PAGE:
Penang National Park in Teluk Bahang has three main hiking trails, the one to Monkey Beach and Muka Head lighthouse, the one to Pantai Kerachut (Turtle Beach) and on to Teluk Kampi, and the newest one, the trail to Bukit Batu Hitam. All three are well signposted and easy to follow, and all three begin at the entrance to the National Park, where you are required to sign in, and if you are lucky, you can pick up a leaflet which shows the three trails. Entrance to the park is free of charge.
Before you set out, decide which trail you want to do, and whether you want to hike there and back, or to arrange for a fishing boat to pick you up at one of the beaches at a specific time. There are desks just outside the National Park where you can do this, and the price will range from RM 60 to RM 100 for the boat ride, depending on which beach you are being collected from.
Once you enter the park proper, you will walk along a flat brick pathway beside the beach for five minutes, and then, immediately after crossing a bridge, a signpost clearly marks the beginning of the three trails.
Monkey Beach and Muka Head Lighthouse
The Monkey Beach trail is the easiest. It is almost completely flat, and follows the coastline for about an hour from the entrance to the park to the beach, giving you a mix of a jungle trek and a coastal walk. The beach itself is not the best though, as its proximity has made it relatively popular, with hawkers having set up makeshift stalls selling food and drinks, and jet skis and motorboats on the water. To reach the trail to Muka Head lighthouse, walk to the far end of the beach, and follow the steps upwards. It takes another 30 minutes, At 240m above sea level, from the very top the lighthouse offers beautiful views of Penang, neighbouring islands, and sea eagles nesting in treetops.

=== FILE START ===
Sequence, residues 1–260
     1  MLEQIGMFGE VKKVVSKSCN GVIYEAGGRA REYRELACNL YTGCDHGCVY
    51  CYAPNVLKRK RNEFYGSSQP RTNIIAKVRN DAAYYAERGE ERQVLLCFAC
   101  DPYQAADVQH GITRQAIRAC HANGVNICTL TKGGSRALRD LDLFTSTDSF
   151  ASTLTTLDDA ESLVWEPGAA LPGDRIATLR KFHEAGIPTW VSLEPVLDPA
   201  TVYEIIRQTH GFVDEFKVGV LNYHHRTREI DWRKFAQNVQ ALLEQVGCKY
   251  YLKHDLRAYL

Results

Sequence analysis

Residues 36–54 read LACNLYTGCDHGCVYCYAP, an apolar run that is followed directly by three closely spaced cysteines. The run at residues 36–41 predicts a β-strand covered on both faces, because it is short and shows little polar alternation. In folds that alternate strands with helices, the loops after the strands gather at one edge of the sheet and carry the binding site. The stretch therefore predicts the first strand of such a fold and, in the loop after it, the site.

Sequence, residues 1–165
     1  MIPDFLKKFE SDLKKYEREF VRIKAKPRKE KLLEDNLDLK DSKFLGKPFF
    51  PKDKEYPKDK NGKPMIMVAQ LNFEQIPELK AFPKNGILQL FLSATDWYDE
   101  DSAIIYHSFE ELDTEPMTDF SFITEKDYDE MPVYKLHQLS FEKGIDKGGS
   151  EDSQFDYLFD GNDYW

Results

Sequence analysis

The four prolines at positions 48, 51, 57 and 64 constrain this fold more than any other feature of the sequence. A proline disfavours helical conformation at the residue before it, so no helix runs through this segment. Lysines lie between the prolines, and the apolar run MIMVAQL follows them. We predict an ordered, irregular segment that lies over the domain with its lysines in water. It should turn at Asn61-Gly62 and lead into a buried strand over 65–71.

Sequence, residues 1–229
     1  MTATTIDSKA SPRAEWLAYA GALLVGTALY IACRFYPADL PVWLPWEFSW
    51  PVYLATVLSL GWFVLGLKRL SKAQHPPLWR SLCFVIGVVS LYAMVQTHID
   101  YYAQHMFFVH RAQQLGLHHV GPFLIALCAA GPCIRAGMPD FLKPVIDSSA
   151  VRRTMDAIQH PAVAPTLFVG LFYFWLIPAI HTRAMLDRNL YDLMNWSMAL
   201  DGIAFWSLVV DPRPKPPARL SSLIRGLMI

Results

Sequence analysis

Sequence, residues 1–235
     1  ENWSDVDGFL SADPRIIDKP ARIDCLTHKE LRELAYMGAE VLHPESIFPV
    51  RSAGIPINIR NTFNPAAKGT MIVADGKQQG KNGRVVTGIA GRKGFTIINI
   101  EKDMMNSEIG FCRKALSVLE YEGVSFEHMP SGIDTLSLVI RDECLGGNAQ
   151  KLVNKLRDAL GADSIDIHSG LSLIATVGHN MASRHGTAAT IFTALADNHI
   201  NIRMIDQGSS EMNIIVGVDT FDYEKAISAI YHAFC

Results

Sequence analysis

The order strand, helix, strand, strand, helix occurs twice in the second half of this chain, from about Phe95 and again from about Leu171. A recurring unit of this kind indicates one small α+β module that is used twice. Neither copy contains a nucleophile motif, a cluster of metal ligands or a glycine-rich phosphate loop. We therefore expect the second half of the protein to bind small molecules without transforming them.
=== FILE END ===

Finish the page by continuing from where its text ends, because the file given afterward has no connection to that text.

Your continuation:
Pantai Kerachut and Teluk Kampi
The hike to Pantai Kerachut also takes about an hour, and is easy to follow, but is steeper and so more challenging. The trail crosses the headland to reach the more secluded and attractive beach, Pantai Kerachut (Turtle Beach). You climb upwards for 30 minutes, then downwards for 30 minutes, but are pleasantly shaded by the forest the entire way.
The beach is known for its meromictic lake (a mix of fresh and sea water) and the small turtle sanctuary at the far end of the beach, which was set up in 1995 to collect the recently hatched young of the Green Turtles that lay their eggs on the beach, and release them back into the wild once they are old enough to fend for themselves with a lower risk of predation.
To continue on to the next beach, at Teluk Kampi, it is necessary to find the campsite, which lies up a short flight of steps, just inland of the pier. A 45-minute trail begins to the left of the campsite kitchens, skirts the edge of the meromictic lake, and then is signposted on to Teluk Kampi to the right. The 15
minutes of steep climbing here is quite arduous, though a rope handrail makes it less so, but then the trail heads downhill again, and the glorious and deserted sandy stretch of Teluk Kampi, which is exactly what a tropical island beach should look like, makes it all worthwhile.
Bukit Batu Hitam
The final trail is not one for beginners. At almost 11km for the full loop, it takes most of the day, and climbs to 460m above sea level, the highest point within the National Park. It follows the same route as the Pantai Kerachut trail for the first 25 minutes, and then diverges. It is clearly signposted, but very steep, and the benches and rest points en route are very welcome. It offers one good viewpoint over the Teluk Bahang valley, Western Hill and Bukit Laksamana, and is an excellent all-round jungle workout for serious hikers.